A disputed claim that former Anglo Irish Bank chief executive David Drumm was suggested as finance director of one of Dublin's largest pub and restaurant groups is part of a bitter court battle between shareholders.
Well-known Dublin publican Frank Gleeson made the claim in a solicitor's letter last week to fellow shareholders in the Mercantile Entertainment Group, which owns Café en Seine, Whelan's, the Mercantile Bar and Hotel, the Green Hen restaurant, and the George, as well as other pubs and restaurants.
He said the suggestion was made last year by Mercantile shareholder Michael Breslin, a native of Co Meath who made his fortune running a scaffolding business in the US and for whom Mr Drumm reportedly supplied consultancy services when living there after his departure from Anglo.
Mr Gleeson “opposed this suggestion, which he regarded as bizarre and misconceived in the extreme, not least because of Mr Drumm’s lack of experience in the hospitality business”, according to the letter.
‘Devoid of truth’
However, in a response three days later, solicitors acting for the other Mercantile shareholders, including Mr Breslin, strongly refuted the claim. Mr Gleeson’s assertions about Mr Breslin and Mr Drumm were “malicious, scurrilous and absolutely devoid of truth,” said solicitors Eugene F Collins.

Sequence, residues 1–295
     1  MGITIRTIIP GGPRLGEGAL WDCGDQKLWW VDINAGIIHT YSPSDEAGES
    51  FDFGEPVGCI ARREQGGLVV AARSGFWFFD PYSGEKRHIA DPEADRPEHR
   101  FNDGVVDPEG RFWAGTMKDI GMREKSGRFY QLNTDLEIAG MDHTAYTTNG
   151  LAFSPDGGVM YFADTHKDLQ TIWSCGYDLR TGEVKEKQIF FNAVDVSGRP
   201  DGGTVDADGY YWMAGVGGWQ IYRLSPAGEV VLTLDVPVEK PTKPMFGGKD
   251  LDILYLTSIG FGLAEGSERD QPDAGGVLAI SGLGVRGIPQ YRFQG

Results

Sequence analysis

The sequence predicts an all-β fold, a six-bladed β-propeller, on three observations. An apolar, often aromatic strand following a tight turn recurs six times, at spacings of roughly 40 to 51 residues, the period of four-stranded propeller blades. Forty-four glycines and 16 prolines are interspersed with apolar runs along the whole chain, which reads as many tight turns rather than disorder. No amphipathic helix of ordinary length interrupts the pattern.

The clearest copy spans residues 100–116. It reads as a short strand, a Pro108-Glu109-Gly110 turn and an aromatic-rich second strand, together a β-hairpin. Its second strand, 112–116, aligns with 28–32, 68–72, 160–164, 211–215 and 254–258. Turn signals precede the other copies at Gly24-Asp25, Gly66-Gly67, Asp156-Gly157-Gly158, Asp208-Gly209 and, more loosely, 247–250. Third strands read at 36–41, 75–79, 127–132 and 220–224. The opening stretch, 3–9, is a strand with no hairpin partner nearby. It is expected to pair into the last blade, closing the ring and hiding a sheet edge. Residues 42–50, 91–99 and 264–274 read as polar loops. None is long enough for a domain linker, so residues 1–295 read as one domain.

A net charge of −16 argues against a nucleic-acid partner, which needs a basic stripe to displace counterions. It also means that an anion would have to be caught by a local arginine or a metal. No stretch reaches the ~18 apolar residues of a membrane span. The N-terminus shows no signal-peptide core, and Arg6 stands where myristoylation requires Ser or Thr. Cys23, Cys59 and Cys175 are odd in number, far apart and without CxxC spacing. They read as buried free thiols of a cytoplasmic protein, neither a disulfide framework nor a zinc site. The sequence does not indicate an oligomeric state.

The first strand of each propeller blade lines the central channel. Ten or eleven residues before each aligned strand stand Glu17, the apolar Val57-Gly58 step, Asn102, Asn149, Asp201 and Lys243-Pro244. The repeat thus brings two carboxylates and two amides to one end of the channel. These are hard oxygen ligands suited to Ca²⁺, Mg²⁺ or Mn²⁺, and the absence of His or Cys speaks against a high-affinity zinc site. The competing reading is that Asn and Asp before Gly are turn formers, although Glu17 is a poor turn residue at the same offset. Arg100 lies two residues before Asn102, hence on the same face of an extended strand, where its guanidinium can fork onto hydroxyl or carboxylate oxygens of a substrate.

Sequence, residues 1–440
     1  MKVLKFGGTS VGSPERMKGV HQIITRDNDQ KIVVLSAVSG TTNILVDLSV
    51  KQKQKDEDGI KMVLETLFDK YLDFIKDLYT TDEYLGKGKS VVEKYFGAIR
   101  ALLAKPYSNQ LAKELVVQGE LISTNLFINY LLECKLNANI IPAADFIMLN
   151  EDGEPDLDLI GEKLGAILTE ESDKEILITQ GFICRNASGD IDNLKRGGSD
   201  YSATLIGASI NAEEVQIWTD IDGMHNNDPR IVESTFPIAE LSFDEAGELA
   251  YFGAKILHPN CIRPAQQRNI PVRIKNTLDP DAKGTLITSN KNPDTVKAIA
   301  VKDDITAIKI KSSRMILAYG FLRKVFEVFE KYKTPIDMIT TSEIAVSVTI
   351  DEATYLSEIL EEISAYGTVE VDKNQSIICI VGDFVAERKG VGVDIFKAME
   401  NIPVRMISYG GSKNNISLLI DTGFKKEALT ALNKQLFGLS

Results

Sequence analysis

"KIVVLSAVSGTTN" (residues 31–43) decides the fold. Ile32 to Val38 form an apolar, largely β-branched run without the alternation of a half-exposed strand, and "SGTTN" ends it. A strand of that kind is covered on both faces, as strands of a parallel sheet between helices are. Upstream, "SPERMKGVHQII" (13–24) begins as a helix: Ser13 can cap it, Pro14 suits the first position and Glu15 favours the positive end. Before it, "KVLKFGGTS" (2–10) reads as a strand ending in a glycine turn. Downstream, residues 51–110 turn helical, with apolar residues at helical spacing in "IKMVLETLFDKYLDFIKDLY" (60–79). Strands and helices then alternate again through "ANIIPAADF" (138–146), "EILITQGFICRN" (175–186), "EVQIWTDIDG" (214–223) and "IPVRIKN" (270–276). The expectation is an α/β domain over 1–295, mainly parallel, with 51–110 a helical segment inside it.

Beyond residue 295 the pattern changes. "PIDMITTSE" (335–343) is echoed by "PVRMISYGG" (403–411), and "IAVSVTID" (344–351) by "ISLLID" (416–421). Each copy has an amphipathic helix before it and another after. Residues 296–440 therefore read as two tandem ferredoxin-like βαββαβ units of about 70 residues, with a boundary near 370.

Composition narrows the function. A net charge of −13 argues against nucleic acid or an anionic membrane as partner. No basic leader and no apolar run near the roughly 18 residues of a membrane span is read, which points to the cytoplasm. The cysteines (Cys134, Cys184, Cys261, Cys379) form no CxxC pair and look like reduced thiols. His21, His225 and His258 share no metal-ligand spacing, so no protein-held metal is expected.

Mr Drumm served as chief executive of Anglo between 2005 and 2008, after which he moved to the United States, where he later made an unsuccessful bankruptcy application. He now lives back in Ireland.
It was “fanciful” to suggest that, in March 2016, Mr Drumm could have been considered for the position “in view of his well-publicised personal circumstances”, the Eugene F Collins letter states.
The exchange took place last week ahead of an application on Monday in the Commercial Court where a company associated with Mr Breslin and another US-based Irish builder Maurice Regan is seeking €4.6 million judgment against Mr Gleeson arising from loans given early last year. The company is not a shareholder in Mercantile.